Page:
OBJECTIVES: To systematically review and meta-analyze the effectiveness of yoga for low back pain. METHODS: MEDLINE, the Cochrane Library, EMBASE, CAMBASE, and PsycINFO, were screened through January 2012. Randomized controlled trials comparing yoga to control conditions in patients with low back pain were included. Two authors independently assessed risk of bias using the risk of bias tool recommended by the Cochrane Back Review Group. Main outcome measures were pain, back-specific disability, generic disability, health-related quality of life, and global improvement.
The first International Consultation on Incontinence was held under the auspices of WHO in 1998. The multidisciplinary consultation covered anatomy, physiology, pathology, and the investigation and management of incontinent individuals. Because incontinence is a prevalent global disease, the consultation was mindful of the need to make its recommendations applicable in all health-care systems.
Research supports the use of supervised exercise training as a primary therapy for improving the functional status of people with peripheral arterial disease (PAD). Several reviews have focused on reporting the outcomes of exercise interventions, but none have critically examined the quality of intervention reporting. Adequate reporting of the exercise protocols used in randomised controlled trials (RCTs) is central to interpreting study findings and translating effective interventions into practice.
Ethnicity is defined as "belonging to a social group that has a common national or cultural tradition". Membership of certain ethnic groups has long been associated with increased risk of gestational diabetes mellitus (GDM). Studies that examined ethnic differences amongst women with GDM were often conducted in western countries where women from various ethnic backgrounds were represented. The prevalence of GDM appears to be particularly high among women from South Asia and South East Asia, compared to Caucasian, African-American and Hispanic communities.
International Journal of Chronic Obstructive Pulmonary Disease
More than one third of individuals with chronic obstructive pulmonary disease (COPD) experience comorbid symptoms of depression and anxiety. This review aims to provide an overview of the burden of depression and anxiety in those with COPD and to outline the contemporary advances and challenges in the management of depression and anxiety in COPD. Symptoms of depression and anxiety in COPD lead to worse health outcomes, including impaired health-related quality of life and increased mortality risk. Depression and anxiety also increase health care utilization rates and costs.
BACKGROUND: Working in the stressful environment of the Intensive Care Unit (ICU) is an emotionally charged challenge that might affect the emotional stability of medical staff. The quality of care for ICU patients and their relatives might be threatened through long-term absenteeism or a brain and skill drain if the healthcare professionals leave their jobs prematurely in order to preserve their own health.
BACKGROUND: Research has shown that short-and long-term effects can result from stressful or invasive medical procedures performed on children in the radiology department. Short-term effects for the pediatric patient include pain, anxiety, crying, and lack of cooperation. The patient's parents also may experience short-term effects, including elevated anxiety and increased heart rate and blood pressure. Potential long-term effects include post-traumatic stress syndrome; fear; changes in pain perception and coping effectiveness; avoidance of medical care; and trypanophobia.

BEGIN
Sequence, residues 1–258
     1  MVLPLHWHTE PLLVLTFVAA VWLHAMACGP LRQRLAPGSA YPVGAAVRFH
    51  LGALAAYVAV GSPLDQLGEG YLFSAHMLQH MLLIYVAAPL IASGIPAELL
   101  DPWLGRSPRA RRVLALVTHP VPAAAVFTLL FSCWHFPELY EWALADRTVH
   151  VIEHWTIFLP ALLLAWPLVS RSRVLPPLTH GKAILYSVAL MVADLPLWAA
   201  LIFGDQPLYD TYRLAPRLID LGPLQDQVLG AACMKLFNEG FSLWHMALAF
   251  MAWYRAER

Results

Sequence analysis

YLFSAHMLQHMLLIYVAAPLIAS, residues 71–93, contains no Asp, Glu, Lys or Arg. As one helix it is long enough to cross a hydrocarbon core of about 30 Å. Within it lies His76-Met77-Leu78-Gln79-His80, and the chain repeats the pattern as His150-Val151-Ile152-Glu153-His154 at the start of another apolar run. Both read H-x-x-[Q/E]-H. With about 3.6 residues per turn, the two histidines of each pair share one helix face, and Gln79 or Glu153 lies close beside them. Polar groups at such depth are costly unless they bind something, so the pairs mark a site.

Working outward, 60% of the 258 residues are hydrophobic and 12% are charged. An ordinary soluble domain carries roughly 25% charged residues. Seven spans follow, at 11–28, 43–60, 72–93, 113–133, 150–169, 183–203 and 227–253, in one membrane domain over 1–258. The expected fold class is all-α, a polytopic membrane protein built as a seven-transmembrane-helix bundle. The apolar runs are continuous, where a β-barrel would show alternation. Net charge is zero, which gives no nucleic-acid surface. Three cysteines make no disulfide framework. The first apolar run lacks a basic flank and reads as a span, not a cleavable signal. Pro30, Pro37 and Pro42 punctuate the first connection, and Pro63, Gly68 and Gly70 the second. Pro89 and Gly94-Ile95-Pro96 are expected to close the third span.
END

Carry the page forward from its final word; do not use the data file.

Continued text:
Homeopathy: The Journal of the Faculty of Homeopathy
AIM: To systematically review surveys of 12-month prevalence of homeopathy use by the general population worldwide. METHODS: Studies were identified via database searches to October 2015. Study quality was assessed using a six-item tool. All estimates were in the context of a survey which also reported prevalence of any complementary and alternative medicine use. RESULTS: A total of 36 surveys were included. Of these, 67% met four of six quality criteria. Twelve-month prevalence of treatment by a homeopath was reported in 24 surveys of adults (median 1.5%, range 0.2-8.2%).
Complementary medicine (CM) is more popular than ever before. Dermatology has not remained unaffected by this trend. The aim of this systematic review was to summarize all surveys of dermatological patients regarding the usage of CM. Three independent literature searches were carried out. Data were extracted in a predefined, standardized way and evaluated descriptively. Seven surveys met the inclusion/exclusion criteria. Collectively they show a high but variable prevalence of CM. Lifetime prevalence ranged from 35 to 69%.
INTRODUCTION: Chronic fatigue syndrome (CFS) affects between 0.006% and 3% of the population depending on the criteria of definition used, with women being at higher risk than men. METHODS AND OUTCOMES: We conducted a systematic review and aimed to answer the following clinical question: What are the effects of treatments for chronic fatigue syndrome? We searched: Medline, Embase, The Cochrane Library, and other important databases up to September 2007 (BMJ Clinical evidence reviews are updated periodically, please check our website for the most up-to-date version of this review).